Innovation is important. I believe it was a former Chrysler executive who once said that the future of the auto industry was the six inches between our ears. When other countries are pulling back in a mode of austerity on innovation, this government is doubling down on that investment, doubling IRAP and focusing on commercialization. These are all important measures because innovation will drive high paying jobs for the future not just for my region, but right across this country.

I urge the opposition to reconsider and support Bill C-38.

Jobs, Growth and Long-Term Prosperity ActGovernment Orders

4:10 p.m.

NDP

Hélène LeBlanc NDP LaSalle—Émard, QC

Madam Speaker, an article from the National Post states:

The sight of oil oozing into an Alberta river from a leaky pipeline is a visual the Conservatives could have done without, as their omnibus budget bill reached Parliament for a final vote. They must be praying no one finds any oil-covered ducks.

The bill, among other things, makes it easier to gain approval to build pipelines under rivers, similar to the Plains Midstream Canada pipeline currently spilling oil into the Red Deer River.

I want to ask the member how this bill would help monitor and enforce pipeline security to avoid oil spills in—

Jobs, Growth and Long-Term Prosperity ActGovernment Orders

4:10 p.m.

NDP

The Deputy Speaker NDP Denise Savoie

Order, please. The hon. member for Essex.

Jobs, Growth and Long-Term Prosperity ActGovernment Orders

4:10 p.m.

Conservative

Jeff Watson Conservative Essex, ON

Madam Speaker, that is from a member of a party that wants a moratorium on oil sands expansions. The NDP members have said that long and clear. They would rather not have the investment. They would rather not have the job growth there. So they use environmentalism as a means of saying that we should not have any responsible resource development. However, instead this implementation act proposes a balanced way forward. It would strengthen regulation because it would ensure that the government would not have to worry about small-scale projects, the minor everyday projects, and instead could focus its efforts on the types of enhancements and oversight.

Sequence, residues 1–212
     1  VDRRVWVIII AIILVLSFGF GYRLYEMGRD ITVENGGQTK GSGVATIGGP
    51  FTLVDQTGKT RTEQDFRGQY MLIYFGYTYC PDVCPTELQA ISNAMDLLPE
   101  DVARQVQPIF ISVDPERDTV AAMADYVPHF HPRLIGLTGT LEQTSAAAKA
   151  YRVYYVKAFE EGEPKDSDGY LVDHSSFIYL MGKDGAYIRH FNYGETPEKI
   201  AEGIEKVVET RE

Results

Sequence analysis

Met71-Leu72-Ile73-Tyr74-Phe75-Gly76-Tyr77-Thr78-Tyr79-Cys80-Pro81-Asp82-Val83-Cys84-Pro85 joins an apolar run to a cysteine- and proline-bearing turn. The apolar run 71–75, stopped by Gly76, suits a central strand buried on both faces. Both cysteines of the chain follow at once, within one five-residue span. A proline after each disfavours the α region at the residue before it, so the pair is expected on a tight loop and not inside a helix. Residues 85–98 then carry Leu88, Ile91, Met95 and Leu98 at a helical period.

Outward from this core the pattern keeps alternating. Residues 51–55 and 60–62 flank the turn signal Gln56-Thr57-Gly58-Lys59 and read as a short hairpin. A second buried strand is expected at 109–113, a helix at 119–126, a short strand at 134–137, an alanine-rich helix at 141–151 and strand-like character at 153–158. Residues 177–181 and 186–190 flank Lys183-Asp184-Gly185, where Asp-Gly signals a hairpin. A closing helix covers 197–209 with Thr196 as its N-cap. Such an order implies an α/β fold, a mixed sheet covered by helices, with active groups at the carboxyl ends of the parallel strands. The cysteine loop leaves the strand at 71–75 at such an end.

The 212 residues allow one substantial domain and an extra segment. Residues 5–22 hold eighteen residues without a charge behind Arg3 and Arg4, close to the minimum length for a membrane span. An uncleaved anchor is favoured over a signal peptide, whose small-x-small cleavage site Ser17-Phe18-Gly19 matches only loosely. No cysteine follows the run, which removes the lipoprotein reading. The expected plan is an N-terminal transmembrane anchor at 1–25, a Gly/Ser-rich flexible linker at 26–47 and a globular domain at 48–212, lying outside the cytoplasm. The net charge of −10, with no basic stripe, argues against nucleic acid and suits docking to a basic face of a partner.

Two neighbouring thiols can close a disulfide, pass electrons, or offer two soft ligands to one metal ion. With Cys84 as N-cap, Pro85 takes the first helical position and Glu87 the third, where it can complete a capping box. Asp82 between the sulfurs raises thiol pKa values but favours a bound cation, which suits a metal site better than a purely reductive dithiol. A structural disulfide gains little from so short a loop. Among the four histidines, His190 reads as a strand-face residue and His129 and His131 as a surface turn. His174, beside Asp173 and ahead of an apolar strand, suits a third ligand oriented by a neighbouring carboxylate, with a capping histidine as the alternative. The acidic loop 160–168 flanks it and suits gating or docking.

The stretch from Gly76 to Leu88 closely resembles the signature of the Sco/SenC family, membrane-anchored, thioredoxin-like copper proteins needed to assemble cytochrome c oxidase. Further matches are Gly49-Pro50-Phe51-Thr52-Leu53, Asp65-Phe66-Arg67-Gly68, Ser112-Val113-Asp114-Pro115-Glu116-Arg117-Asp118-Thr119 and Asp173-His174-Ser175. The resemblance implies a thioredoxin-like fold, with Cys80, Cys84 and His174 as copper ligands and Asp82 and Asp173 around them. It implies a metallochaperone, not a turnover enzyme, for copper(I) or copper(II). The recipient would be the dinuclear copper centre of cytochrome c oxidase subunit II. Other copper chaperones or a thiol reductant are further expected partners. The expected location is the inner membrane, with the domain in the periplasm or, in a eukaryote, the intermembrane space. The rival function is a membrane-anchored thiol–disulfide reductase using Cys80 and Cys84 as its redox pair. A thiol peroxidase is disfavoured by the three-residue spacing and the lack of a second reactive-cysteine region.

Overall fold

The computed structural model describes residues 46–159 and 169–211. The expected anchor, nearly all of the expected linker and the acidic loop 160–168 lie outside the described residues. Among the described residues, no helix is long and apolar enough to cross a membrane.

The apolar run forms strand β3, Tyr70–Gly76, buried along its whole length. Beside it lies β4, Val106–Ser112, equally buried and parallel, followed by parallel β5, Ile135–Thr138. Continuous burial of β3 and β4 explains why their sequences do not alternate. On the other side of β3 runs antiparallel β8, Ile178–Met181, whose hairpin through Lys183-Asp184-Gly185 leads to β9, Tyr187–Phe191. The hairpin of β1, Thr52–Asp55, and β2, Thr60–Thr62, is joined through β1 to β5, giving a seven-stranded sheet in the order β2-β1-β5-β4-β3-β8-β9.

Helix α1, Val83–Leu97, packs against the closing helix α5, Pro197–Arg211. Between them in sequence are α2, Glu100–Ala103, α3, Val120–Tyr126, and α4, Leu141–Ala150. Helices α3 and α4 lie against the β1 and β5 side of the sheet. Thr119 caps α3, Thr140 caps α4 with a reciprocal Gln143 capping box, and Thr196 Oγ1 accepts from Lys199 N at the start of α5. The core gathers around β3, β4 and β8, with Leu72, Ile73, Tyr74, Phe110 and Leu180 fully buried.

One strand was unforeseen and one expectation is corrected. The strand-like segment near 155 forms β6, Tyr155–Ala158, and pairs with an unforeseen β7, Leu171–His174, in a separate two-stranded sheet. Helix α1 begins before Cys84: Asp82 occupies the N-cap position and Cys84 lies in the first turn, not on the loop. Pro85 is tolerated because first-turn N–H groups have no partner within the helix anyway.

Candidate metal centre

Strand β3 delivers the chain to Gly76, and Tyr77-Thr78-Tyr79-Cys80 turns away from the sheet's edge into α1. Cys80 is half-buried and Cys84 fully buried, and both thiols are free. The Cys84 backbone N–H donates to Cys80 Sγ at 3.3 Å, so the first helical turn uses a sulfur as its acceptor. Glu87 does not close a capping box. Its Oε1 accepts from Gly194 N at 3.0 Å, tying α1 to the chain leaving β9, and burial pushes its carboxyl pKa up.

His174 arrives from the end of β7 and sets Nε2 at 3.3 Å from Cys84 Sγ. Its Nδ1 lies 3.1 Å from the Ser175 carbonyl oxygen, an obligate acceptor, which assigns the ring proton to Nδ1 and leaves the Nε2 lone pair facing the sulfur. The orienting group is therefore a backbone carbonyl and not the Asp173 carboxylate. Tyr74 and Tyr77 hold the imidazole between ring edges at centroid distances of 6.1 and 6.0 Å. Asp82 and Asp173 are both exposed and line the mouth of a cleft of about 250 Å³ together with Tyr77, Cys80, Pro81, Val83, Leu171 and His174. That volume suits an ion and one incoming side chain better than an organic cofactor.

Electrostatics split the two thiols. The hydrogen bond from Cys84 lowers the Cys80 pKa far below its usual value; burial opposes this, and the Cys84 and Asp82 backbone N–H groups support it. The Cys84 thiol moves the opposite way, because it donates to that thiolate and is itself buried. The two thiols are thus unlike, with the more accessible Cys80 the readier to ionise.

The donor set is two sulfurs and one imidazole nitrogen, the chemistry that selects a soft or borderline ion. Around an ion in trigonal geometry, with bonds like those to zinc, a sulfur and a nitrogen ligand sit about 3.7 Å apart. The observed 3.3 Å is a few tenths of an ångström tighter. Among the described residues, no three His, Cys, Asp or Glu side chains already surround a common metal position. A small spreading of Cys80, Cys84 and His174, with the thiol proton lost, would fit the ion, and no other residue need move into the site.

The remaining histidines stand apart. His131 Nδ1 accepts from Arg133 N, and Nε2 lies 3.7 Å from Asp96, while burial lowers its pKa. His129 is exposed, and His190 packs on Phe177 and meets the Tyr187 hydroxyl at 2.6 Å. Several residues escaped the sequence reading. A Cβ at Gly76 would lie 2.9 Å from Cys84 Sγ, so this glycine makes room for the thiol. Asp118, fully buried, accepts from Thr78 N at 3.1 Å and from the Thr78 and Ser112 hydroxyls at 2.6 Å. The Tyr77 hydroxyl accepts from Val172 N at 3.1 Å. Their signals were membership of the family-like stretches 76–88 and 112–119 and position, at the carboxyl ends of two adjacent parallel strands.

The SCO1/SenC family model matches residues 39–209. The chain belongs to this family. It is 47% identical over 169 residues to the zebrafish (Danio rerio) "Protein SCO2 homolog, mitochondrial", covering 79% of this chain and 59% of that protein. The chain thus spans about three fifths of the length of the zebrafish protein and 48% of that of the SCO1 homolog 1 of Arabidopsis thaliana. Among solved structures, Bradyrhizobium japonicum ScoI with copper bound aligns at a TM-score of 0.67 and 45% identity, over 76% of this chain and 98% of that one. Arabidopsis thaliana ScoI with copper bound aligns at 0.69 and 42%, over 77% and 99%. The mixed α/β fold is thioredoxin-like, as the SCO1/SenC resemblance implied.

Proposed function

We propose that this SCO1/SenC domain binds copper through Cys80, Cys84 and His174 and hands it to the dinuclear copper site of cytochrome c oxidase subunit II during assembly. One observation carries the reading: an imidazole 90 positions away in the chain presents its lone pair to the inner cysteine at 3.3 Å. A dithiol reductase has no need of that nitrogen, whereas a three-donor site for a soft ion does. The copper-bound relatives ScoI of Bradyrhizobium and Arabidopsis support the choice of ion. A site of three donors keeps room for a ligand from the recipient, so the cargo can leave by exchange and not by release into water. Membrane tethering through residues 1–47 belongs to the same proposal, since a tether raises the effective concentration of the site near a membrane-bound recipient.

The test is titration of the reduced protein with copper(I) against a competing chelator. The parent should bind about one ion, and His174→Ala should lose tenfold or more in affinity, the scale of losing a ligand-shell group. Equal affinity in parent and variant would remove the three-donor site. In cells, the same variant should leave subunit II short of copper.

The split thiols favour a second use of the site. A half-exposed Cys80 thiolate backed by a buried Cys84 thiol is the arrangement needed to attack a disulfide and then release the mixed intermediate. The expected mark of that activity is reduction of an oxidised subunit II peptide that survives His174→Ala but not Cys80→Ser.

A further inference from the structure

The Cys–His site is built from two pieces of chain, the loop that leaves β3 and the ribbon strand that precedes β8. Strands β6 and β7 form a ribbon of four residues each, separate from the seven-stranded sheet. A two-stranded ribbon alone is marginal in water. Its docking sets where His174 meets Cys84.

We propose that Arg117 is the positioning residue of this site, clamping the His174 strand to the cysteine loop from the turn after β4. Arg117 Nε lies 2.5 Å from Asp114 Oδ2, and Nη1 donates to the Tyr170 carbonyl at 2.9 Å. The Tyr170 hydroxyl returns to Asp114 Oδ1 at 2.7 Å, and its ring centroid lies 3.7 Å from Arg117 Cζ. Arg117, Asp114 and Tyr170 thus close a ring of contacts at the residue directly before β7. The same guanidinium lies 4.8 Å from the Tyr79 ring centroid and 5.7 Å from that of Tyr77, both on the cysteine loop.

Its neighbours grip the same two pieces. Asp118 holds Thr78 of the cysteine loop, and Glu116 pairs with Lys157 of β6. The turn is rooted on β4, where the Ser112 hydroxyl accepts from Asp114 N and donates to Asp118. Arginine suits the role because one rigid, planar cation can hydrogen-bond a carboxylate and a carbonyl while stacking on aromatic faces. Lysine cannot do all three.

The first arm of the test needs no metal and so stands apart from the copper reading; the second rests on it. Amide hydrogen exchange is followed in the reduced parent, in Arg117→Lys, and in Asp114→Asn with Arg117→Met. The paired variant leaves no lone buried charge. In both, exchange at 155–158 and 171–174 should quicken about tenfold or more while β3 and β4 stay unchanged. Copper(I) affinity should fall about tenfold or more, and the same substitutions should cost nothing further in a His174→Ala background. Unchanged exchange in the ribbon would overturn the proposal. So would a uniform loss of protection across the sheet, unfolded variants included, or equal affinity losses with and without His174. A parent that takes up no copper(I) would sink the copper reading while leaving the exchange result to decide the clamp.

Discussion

I was at the oil sands a number of years ago with the environment committee. I have seen it. We have enhanced the monitoring of water quality and other things in the region. This is a government that looks out for the environment. We can do it in a way that is smart enough to move this economy forward. That is why those members need to support this particular bill.

Jobs, Growth and Long-Term Prosperity ActGovernment Orders

4:10 p.m.

Liberal

Scott Andrews Liberal Avalon, NL

Madam Speaker, how does the hon. member square the circle? The Conservatives have had two on the books already that had to go back to the drawing board, but in their throne speech they said they were going to bring in a new Fisheries Act. Then they took these fisheries provisions and jammed them into this bill. How do they square that circle?

Jobs, Growth and Long-Term Prosperity ActGovernment Orders

4:10 p.m.

Conservative

Jeff Watson Conservative Essex, ON

Madam Speaker, the Fisheries Act is very important to my region as well. We keep hearing “coast to coast to coast”. There is a fourth coast in this country and that is the Great Lakes, Ontario's entire southern border being water based. We have a commercial fishery in the western basin of Lake Erie that is extremely valuable as an important breeding ground. What we need is DFO officials worried about that type of body of water, not a ravine or ditch that might get a bit of water at some point so somebody can float a kayak down there every six months or every few years. Yet that is where they are spending an enormous amount of time. Our changes to the Fisheries Act would focus our efforts on bodies of water and on the commercial fishery realities and not—

Jobs, Growth and Long-Term Prosperity ActGovernment Orders

4:10 p.m.

NDP

The Deputy Speaker NDP Denise Savoie

Order, please. I would like to give an opportunity for a last question.

The hon. member for Edmonton—Strathcona, a very brief last comment.

Jobs, Growth and Long-Term Prosperity ActGovernment Orders

4:10 p.m.

NDP

Linda Duncan NDP Edmonton Strathcona, AB

Madam Speaker, it is hard to be brief on this. I sat with the hon. member for a while on the environment committee. I am a little stunned at the tally of jobs that he reiterated that the Conservatives created. Could the hon. member tell the House if the Conservatives are also keeping a running tally of the science jobs they would kill through their budget and budget implementation bill on fisheries; environmental protection; environmental assessment; reclamation; in government, in industry and in the private sector; and at universities?